May your happiness increase! 

RAINBOWS OF SOUND: MARC CAPARONE / RAY SKJELBRED at the SAN DIEGO JAZZ FEST (November 28, 2014)

Double rainbow, Evergreen, Colorado, 2014. Photograph by Michael Steinman

Double rainbow, Evergreen, Colorado, 2014. Photograph by Michael Steinman

To some, “expressing your gratitudes” is a cliche associated with a certain worldview, a reflex of a privileged class.  But there’s usually plenty to be grateful for.

I think of the words of a character, Chicken Number Two, a dying petty thief in John Cheever’s moving novel of life in prison, FALCONER: ” . . . it’s like a party, even in stir [prison] — even franks and rice taste good when you’re hungry, even an iron bar feels good to touch, it feels good to sleep” (199).

This passage is reverberating in my head because recently I encouraged a friend to read the novel and because Marc Caparone and Ray Skjelbred played THANKS A MILLION at the San Diego Jazz Fest on November 28, 2014.

THANKS A MILLION

I knew the song first through Louis Armstrong’s Decca recording, even though it was first made popular by Dick Powell in — as they used to say — “the movie of the same name”:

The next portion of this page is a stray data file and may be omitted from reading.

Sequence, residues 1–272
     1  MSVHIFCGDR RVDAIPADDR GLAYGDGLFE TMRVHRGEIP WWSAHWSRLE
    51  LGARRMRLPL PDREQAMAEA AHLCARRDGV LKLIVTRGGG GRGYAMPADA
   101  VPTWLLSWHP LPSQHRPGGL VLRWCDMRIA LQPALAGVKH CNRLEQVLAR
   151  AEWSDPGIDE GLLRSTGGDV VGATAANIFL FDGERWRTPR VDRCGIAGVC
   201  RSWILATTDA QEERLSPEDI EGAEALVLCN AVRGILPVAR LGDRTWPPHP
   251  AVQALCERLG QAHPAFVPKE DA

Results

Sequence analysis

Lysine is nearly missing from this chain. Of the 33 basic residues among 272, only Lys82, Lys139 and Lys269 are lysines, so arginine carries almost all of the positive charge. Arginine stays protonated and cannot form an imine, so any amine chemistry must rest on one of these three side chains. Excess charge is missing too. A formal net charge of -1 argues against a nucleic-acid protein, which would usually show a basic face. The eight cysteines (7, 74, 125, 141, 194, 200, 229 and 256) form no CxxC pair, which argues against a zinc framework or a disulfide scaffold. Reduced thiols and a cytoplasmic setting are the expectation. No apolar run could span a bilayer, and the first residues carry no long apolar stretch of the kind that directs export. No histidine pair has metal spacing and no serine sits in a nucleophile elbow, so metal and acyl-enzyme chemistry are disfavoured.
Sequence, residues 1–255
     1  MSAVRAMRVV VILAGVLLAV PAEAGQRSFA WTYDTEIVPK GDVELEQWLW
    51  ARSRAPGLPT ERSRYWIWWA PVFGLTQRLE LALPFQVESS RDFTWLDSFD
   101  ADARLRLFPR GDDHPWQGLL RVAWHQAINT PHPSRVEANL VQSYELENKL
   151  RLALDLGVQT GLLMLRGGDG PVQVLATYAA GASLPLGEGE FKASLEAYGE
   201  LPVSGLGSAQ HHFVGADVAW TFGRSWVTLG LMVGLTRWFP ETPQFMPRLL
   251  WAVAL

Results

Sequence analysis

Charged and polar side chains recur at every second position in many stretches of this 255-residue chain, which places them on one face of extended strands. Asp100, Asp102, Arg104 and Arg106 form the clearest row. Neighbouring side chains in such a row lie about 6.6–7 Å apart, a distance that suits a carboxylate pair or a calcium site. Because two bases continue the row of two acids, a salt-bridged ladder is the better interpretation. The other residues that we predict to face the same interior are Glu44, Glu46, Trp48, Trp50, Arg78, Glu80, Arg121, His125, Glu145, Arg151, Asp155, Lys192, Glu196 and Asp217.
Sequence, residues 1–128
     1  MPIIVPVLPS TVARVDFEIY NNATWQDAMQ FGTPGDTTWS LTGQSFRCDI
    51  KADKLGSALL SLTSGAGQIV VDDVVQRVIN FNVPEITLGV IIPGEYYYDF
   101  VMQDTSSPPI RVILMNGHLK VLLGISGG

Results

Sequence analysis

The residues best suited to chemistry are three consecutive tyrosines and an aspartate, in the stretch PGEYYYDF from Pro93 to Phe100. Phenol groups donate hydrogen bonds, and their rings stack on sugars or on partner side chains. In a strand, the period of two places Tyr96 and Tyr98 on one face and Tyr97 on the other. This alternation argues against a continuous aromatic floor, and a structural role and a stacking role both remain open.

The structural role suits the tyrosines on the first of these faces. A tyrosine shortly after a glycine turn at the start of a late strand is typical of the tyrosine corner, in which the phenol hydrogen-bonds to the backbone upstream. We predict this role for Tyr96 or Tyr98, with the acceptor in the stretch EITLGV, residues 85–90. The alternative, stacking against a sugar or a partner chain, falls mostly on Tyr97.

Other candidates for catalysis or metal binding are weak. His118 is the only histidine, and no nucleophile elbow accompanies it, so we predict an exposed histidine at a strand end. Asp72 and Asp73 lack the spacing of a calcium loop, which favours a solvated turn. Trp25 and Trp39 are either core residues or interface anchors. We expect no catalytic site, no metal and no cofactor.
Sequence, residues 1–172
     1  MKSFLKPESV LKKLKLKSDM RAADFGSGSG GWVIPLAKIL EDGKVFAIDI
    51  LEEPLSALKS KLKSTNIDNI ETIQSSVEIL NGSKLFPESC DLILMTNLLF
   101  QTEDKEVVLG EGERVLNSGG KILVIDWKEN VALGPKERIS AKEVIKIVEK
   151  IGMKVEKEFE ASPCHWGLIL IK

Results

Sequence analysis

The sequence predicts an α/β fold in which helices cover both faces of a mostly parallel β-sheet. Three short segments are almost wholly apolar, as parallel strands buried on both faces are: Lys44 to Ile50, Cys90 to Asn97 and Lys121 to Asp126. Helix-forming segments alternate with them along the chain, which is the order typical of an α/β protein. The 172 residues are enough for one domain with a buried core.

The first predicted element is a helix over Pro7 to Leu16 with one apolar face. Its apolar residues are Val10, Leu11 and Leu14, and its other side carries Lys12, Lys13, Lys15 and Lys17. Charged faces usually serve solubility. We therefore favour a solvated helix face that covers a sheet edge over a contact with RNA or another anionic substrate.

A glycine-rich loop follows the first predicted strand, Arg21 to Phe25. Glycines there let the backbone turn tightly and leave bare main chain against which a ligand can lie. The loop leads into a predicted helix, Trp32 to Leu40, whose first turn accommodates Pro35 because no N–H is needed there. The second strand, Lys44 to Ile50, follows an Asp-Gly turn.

THANKS A MILLION 2

and Jon-Erik Kellso has kept the song alive in this century as well. But hearing Marc and Ray reminds me, as I hope it reminds you, of all the people who make beauty possible: not only Caparone and Skjelbred, but also Armstrong and Jack Kapp (who insisted that his artists record as wide a variety of music as possible) but also Bob Mielke, Dawn Lambeth, Hal Smith, and Paul Daspit.

Such people make rainbows, and double rainbows, of joy and feeling.  I thank them all.  And I have people in my life who don’t play instruments, who evoke such feelings, too.  I am sure my readers do also.

May your happiness increase!

HE RODE WITH JAMES P. JOHNSON: TALKING WITH IRV KRATKA (July 31, 2015)

irv

Irv Kratka (drums) doesn’t have a huge discographical entry in Tom Lord’s books, but he played with some fine musicians: Bunk Johnson, Dick Wellstood, James P. Johnson, Ephie Resnick, Joe Muranyi, Bob Mielke, Knocky Parker, Jerry Blumberg, Cyrus St. Clair, among others, in the years 1947-50.  I knew of Irv from those recordings (many of which are quite rare) but also as the creator and guiding genius of Music Minus One and a number of other jazz labels including Classic Jazz and Inner City.